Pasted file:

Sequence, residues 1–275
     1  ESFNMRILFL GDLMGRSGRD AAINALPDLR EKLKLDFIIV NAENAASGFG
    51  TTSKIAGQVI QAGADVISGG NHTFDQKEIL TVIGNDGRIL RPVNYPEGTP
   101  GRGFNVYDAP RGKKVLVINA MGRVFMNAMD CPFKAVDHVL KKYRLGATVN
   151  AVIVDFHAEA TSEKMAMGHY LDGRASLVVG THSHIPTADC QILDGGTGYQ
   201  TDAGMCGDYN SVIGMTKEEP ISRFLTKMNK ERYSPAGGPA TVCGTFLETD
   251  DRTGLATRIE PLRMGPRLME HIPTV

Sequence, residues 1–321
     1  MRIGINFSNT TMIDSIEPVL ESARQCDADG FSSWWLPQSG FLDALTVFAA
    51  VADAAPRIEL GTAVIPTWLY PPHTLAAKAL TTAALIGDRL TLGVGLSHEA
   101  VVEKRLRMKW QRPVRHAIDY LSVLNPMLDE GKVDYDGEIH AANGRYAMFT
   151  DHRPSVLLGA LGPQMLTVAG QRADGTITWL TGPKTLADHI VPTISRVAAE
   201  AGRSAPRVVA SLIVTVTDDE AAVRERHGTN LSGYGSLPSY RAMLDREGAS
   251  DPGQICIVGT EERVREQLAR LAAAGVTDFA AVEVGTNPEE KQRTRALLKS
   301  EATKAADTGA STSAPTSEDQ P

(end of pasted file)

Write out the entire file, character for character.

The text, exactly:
Sequence, residues 1–275
     1  ESFNMRILFL GDLMGRSGRD AAINALPDLR EKLKLDFIIV NAENAASGFG
    51  TTSKIAGQVI QAGADVISGG NHTFDQKEIL TVIGNDGRIL RPVNYPEGTP
   101  GRGFNVYDAP RGKKVLVINA MGRVFMNAMD CPFKAVDHVL KKYRLGATVN
   151  AVIVDFHAEA TSEKMAMGHY LDGRASLVVG THSHIPTADC QILDGGTGYQ
   201  TDAGMCGDYN SVIGMTKEEP ISRFLTKMNK ERYSPAGGPA TVCGTFLETD
   251  DRTGLATRIE PLRMGPRLME HIPTV

Sequence, residues 1–321
     1  MRIGINFSNT TMIDSIEPVL ESARQCDADG FSSWWLPQSG FLDALTVFAA
    51  VADAAPRIEL GTAVIPTWLY PPHTLAAKAL TTAALIGDRL TLGVGLSHEA
   101  VVEKRLRMKW QRPVRHAIDY LSVLNPMLDE GKVDYDGEIH AANGRYAMFT
   151  DHRPSVLLGA LGPQMLTVAG QRADGTITWL TGPKTLADHI VPTISRVAAE
   201  AGRSAPRVVA SLIVTVTDDE AAVRERHGTN LSGYGSLPSY RAMLDREGAS
   251  DPGQICIVGT EERVREQLAR LAAAGVTDFA AVEVGTNPEE KQRTRALLKS
   301  EATKAADTGA STSAPTSEDQ P